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Global versus Country-Specific Shocks and International Business Cycles

This paper documents the relative importance of global and country-specific shocks for international business cycles. For this purpose, we rely on a symmetric two-country, dynamic, general-equilibrium model with costly, incomplete, international financial markets. We also relate exogenous technologies and government expenditures to unobservable common and idiosynchratic components, and apply a Kalman filter to extract the associated global and country-specific shocks. We show that the baseline parametrization of the model, including all shocks, closely matches the cyclical fluctuations of key macroeconomic variables for the United States and a non-US aggregate over the post-1975 period. We then experiment alternative parametrizations, isolating the effects of each shock, and find that country-specific technology shocks constitute a prime determinant of international business cycles. Also, global technology shocks have marginal contributions, whereas global and country-specific government-expenditure shocks have negligible effects on cyclical fluctuations.

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Paper provided by HEC Montréal, Institut d'économie appliquée in its series Cahiers de recherche with number 05-07.

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Length: 48 pages
Date of creation: Dec 2005
Date of revision:
Handle: RePEc:iea:carech:0507
Contact details of provider: Postal: Institut d'économie appliquée HEC Montréal 3000, Chemin de la Côte-Sainte-Catherine Montréal, Québec H3T 2A7
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Order Information: Postal: Institut d'économie appliquée HEC Montréal 3000, Chemin de la Côte-Sainte-Catherine Montréal, Québec H3T 2A7

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  17. James M. Nason and John H. Rogers, 2001. "The Present Value Model of the Current Account Has Been Rejected: Round Up the Usual Subjects," Computing in Economics and Finance 2001 102, Society for Computational Economics.
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  19. Iscan, Talan B., 2000. "The terms of trade, productivity growth and the current account," Journal of Monetary Economics, Elsevier, vol. 45(3), pages 587-611, June.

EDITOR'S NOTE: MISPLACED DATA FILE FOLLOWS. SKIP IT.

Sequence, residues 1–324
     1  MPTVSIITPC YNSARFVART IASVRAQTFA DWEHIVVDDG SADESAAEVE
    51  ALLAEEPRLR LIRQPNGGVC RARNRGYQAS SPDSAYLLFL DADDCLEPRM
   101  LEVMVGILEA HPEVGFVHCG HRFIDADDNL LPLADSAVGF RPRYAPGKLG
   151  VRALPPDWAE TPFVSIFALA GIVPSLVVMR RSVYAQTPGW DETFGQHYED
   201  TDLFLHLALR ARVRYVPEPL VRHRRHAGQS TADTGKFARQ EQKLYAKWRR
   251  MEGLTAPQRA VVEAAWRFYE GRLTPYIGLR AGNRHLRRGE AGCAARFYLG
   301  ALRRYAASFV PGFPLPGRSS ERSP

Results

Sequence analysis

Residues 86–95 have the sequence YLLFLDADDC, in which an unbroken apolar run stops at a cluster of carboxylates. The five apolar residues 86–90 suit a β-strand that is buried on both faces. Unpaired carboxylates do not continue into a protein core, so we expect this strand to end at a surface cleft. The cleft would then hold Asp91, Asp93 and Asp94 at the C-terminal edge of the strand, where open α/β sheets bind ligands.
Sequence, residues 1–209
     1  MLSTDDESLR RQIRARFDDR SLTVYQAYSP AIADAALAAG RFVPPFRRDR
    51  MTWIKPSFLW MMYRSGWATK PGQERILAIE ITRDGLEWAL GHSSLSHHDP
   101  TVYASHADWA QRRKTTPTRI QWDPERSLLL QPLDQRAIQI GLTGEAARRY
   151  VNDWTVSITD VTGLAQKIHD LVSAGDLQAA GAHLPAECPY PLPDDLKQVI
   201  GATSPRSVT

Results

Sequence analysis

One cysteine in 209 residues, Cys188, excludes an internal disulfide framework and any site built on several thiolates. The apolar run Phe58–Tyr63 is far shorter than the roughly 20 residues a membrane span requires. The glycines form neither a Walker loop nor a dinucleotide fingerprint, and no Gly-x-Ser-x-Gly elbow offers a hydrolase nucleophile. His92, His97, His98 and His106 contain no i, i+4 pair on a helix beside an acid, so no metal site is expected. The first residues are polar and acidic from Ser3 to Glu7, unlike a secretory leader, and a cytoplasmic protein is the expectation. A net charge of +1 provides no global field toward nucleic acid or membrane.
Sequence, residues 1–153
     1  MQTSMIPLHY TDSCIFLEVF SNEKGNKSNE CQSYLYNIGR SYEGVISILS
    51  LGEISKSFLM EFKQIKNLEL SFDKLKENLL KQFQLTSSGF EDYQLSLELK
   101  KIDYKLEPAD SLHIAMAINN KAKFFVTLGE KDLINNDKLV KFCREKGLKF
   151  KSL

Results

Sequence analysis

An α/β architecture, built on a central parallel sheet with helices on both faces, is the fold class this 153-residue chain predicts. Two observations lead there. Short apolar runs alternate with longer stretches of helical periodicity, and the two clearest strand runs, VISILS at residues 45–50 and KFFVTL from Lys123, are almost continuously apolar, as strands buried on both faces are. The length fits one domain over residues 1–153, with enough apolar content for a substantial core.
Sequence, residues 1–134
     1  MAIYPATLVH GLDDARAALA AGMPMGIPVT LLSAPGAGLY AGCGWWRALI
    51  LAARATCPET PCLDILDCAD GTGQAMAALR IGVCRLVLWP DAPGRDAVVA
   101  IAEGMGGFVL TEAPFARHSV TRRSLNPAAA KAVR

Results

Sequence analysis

20. Elliott, Graham & Fatás, Antonio, 1995. "International Business Cycles and the Dynamics of the Current Account," CEPR Discussion Papers 1280, C.E.P.R. Discussion Papers.
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  24. James M. Nason & John H. Rogers, 1999. "Investment and the current account in the short run and the long run," International Finance Discussion Papers 647, Board of Governors of the Federal Reserve System (U.S.).
  25. International Monetary Fund, 2005. "Net Foreign Asset Positions and Consumption Dynamics in the International Economy," IMF Working Papers 05/82, International Monetary Fund.
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  27. Sentana, E., 2000. "Factor Representing Portfolios in Large Asset Markets," Papers 0001, Centro de Estudios Monetarios Y Financieros-.
  28. M. Ayhan Kose & Christopher Otrok & Charles H. Whiteman, 2003. "International Business Cycles: World, Region, and Country-Specific Factors," American Economic Review, American Economic Association, vol. 93(4), pages 1216-1239, September.
  29. Zvi Hercowitz & Michel Strawczynski, 2004. "Cyclical Ratcheting in Government Spending: Evidence from the OECD," The Review of Economics and Statistics, MIT Press, vol. 86(1), pages 353-361, February.
  30. King, Robert G & Plosser, Charles I & Rebelo, Sergio T, 2002. "Production, Growth and Business Cycles: Technical Appendix," Computational Economics, Society for Computational Economics, vol. 20(1-2), pages 87-116, October.
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